EL2805 Reinforcement Learning 7.5 credits

Förstärkande inlärning

Reinforcement Learning (RL) addresses the problem of controlling a dynamical system so as to maximize a notion of reward cumulated over time. At each time (or round), the agent selects an action, and as a result, the system state evolves. The agent observes the new state and collects a reward associated with the state transition, before deciding on the next action. Unlike classical control tasks where typically the system dynamics are completely predictable, RL is concerned with systems whose dynamics have to be learnt or with systems interacting with an uncertain environment. As time evolves, the agent gathers more data, and may improve her knowledge about the system dynamics to make better informed decisions. RL has found numerous applications, ranging from robotics, control, online services and game playing, and has received an increasing attention. Very recently, RL has solved problems in situations approaching real-world complexity, e.g., in learning human-level control for playing video and board games. These situations are however rather specific, and we are still far from systems able to learn in a wide variety of scenarios like humans do.

The course provides an in-depth treatment of the modern theoretical tools used to devise and analyse RL algorithms. It includes an introduction to RL and to its classical algorithms such as Q-learning, and SARSA, but further presents the rationale behind the design of more recent algorithms, such as those striking optimal trade-off between exploration and exploitation. The course also covers algorithms used in recent RL success stories, i.e., deep RL algorithms.

  • Education cycle

    Second cycle
  • Main field of study

    Electrical Engineering
  • Grading scale

    A, B, C, D, E, FX, F

Course offerings

Autumn 19 for programme students

Autumn 18 Doktorand for single courses students

  • Periods

    Autumn 18 P2 (7.5 credits)

  • Application code

    10165

  • Start date

    27/08/2018

  • End date

    14/01/2019

  • Language of instruction

    English

  • Campus

    KTH Campus

  • Tutoring time

    Daytime

  • Form of study

    Normal

  • Number of places *

    Max. 1

    *) If there are more applicants than number of places selection will be made.

  • Course responsible

    Alexandre Proutiere <alepro@kth.se>

  • Teacher

    Alexandre Proutiere <alepro@kth.se>

  • Target group

    For doctoral students at KTH

Intended learning outcomes

The course provides an in-depth treatment of the modern theoretical tools used to devise and analyse RL algorithms. It includes an introduction to RL and to its classical algorithms such as Q-learning, and SARSA, but further presents the rationale behind the design of more recent algorithms, such as those striking optimal trade-off between exploration and exploitation. The course also covers algorithms used in recent RL success stories, i.e., deep RL algorithms. After the course, you should be able to:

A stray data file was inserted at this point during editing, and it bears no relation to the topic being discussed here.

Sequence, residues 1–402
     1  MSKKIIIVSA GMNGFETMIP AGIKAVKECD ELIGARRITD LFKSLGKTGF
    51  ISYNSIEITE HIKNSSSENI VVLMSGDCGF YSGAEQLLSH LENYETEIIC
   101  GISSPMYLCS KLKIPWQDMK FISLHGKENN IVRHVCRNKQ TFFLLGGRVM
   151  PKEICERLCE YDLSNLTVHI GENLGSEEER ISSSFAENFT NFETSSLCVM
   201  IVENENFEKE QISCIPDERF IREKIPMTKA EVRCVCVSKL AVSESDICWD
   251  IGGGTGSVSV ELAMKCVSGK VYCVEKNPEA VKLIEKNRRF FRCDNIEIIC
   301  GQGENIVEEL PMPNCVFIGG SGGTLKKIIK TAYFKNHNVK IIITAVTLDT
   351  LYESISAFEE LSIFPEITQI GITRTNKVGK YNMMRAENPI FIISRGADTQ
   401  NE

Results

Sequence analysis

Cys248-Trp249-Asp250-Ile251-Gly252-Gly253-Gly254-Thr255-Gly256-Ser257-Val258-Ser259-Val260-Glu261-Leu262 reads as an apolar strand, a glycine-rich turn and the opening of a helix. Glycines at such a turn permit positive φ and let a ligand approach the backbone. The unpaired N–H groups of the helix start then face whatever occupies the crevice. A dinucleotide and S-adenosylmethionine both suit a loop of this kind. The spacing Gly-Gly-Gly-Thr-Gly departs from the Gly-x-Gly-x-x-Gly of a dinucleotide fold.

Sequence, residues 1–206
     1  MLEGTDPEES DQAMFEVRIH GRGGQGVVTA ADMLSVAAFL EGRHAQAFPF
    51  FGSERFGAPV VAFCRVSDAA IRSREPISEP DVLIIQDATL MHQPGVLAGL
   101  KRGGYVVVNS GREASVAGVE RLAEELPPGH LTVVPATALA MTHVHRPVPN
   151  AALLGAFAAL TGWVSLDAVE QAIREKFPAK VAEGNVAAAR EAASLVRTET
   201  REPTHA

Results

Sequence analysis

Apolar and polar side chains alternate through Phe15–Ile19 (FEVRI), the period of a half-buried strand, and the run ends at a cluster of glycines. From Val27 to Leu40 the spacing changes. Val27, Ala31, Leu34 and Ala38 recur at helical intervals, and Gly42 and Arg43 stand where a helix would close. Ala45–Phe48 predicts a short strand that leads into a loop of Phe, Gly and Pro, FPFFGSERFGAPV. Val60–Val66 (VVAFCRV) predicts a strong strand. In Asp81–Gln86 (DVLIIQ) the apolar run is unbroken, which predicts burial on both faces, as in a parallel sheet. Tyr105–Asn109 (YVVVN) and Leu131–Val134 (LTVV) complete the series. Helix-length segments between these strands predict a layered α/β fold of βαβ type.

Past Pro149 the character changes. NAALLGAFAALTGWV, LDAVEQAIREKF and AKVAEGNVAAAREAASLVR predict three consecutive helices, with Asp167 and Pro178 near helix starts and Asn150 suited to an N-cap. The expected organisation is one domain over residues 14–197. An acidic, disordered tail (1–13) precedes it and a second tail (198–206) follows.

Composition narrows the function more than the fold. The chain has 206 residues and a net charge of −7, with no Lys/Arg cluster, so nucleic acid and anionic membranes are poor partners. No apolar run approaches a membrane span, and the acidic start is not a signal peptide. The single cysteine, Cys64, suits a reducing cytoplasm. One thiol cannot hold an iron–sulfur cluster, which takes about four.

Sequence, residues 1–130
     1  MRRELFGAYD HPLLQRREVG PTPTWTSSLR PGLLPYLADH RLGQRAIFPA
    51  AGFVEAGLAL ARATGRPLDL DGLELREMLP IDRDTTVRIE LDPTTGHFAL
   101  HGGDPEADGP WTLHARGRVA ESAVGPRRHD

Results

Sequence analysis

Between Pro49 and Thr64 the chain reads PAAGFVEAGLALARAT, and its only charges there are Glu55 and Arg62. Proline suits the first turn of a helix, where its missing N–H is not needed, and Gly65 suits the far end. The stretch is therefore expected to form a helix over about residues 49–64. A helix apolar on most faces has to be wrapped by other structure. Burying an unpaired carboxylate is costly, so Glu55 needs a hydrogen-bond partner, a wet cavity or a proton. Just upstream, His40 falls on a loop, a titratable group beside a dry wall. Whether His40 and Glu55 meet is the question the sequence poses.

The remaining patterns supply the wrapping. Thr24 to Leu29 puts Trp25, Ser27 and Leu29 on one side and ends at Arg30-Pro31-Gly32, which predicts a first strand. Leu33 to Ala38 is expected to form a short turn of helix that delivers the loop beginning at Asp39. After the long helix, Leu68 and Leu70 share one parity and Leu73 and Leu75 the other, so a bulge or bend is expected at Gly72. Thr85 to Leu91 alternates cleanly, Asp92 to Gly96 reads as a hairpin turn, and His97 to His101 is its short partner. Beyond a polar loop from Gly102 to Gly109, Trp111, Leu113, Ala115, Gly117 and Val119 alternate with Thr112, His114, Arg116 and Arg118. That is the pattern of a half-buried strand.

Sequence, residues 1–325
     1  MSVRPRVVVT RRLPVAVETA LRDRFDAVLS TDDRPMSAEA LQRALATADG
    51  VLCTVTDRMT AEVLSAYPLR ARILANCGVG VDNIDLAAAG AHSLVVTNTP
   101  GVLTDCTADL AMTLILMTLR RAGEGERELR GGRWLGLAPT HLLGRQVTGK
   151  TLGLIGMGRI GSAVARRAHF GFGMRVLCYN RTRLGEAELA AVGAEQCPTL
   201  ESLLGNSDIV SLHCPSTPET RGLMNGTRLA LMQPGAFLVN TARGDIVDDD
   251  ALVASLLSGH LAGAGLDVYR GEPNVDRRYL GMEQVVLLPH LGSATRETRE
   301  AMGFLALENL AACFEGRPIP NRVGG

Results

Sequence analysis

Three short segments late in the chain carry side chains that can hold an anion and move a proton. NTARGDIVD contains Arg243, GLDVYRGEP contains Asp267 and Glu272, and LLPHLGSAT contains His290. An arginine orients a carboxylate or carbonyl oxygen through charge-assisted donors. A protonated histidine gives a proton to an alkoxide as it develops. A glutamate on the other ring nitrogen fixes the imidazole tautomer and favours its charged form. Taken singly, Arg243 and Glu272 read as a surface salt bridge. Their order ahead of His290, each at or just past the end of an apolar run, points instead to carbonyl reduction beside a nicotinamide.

• Model the problem of controlling discrete-time stochastic systems with known dynamics, and formulate this problem as a Markov Decision Process (MDP)
  • Solve MDPs using Bellman optimality principle and Dynamical Programming
  • Derive solutions of MDPs using the value and policy iteration methods
  • Control stochastic systems with unknown dynamics using Q-learning or SARSA algorithms
  • Distinguish between on-policy and off-policy RL problems
  • Develop and implement RL algorithms with function approximation (e.g. deep RL algorithms – in which the Q function is approximated by the output of a neural network)
  • Understand solutions to solve bandit optimization problems
  • Design RL algorithms striking a better exploration-exploitation trade-off than Q-learning based algorithms

Course main content

Markov chains, Markov Decision Process (MDP), Dynamic Programming and value / policy iteration methods, Multi-Armed Bandit problems, RL algorithms (Q-learning, Q-learning with function approximation, UCRL).

Disposition

Lectures, exercises, computer laboratory, homework

Eligibility

For single course students: 120 credits and documented proficiency in English B or equivalent.

Literature

Puterman, Markov Decision Processes: Discrete Stochastic Dynamic Programming, Wiley.  

Bertsekas, Dynamic Programming and Optimal Control, vol. 1, Athena Scientific.

Bubeck and Cesa-Bianchi, Regret Analysis of Stochastic and Nonstochastic Multi-armed Bandit Problems, Now publisher, Foundations and trends in machine learning, 2012

Sutton and Barto, Introduction to Reinforcement Learning, MIT Press, Cambridge, MA, USA, 1st edition, 1998

Szepesvari. Algorithms for Reinforcement Learning, Synthesis Lectures on Articial Intelligence and Machine Learning, Morgan & Claypool Publishers, 2010

Examination

  • HEM1 - Homework 1, 1.0, grading scale: P, F
  • HEM2 - Homework 2, 1.0, grading scale: P, F
  • LAB1 - Lab 1, 1.0, grading scale: P, F
  • LAB2 - Lab 2, 1.0, grading scale: P, F
  • TEN1 - Exam, 3.5, grading scale: P, F

HEM1 - Homework 1, 1.0, grade scale: P, F

LAB1 - Lab 1, 1.5, grade scale: P, F

LAB2 - Lab 2, 1.5, grade scale: P, F

TEN1 - Exam, 3.5, grade scale: A, B, C, D, E, FX, F

Requirements for final grade

H1: Homework, 1, grade scale: P/F

LAB1: Computer lab 1, 1, grade scale: P/F

LAB2: Computer lab 2, 1, grade scale: P/F

TEN1: Written exam, grade scale: A, B, C, D, E, FX, F

Offered by

EECS/Intelligent Systems

Contact

Alexandre Proutiere (alepro@kth.se)

Examiner

Alexandre Proutiere <alepro@kth.se>

Supplementary information

https://www.kth.se/student/kurser/kurs/EL2805?l=en

Version

Course syllabus valid from: Spring 2019.
Examination information valid from: Spring 2019.